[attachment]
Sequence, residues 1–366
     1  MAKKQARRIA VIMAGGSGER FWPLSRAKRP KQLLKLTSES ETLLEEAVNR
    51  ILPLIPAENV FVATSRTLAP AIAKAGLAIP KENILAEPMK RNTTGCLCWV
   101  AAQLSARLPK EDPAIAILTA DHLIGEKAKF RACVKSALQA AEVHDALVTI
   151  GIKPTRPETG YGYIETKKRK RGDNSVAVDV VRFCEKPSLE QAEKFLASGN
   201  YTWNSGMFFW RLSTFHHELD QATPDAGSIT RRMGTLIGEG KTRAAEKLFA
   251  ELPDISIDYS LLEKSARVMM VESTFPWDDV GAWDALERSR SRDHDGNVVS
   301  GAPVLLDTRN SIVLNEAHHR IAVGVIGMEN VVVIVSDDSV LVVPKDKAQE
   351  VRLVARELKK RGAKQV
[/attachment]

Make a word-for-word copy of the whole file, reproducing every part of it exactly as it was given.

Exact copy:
Sequence, residues 1–366
     1  MAKKQARRIA VIMAGGSGER FWPLSRAKRP KQLLKLTSES ETLLEEAVNR
    51  ILPLIPAENV FVATSRTLAP AIAKAGLAIP KENILAEPMK RNTTGCLCWV
   101  AAQLSARLPK EDPAIAILTA DHLIGEKAKF RACVKSALQA AEVHDALVTI
   151  GIKPTRPETG YGYIETKKRK RGDNSVAVDV VRFCEKPSLE QAEKFLASGN
   201  YTWNSGMFFW RLSTFHHELD QATPDAGSIT RRMGTLIGEG KTRAAEKLFA
   251  ELPDISIDYS LLEKSARVMM VESTFPWDDV GAWDALERSR SRDHDGNVVS
   301  GAPVLLDTRN SIVLNEAHHR IAVGVIGMEN VVVIVSDDSV LVVPKDKAQE
   351  VRLVARELKK RGAKQV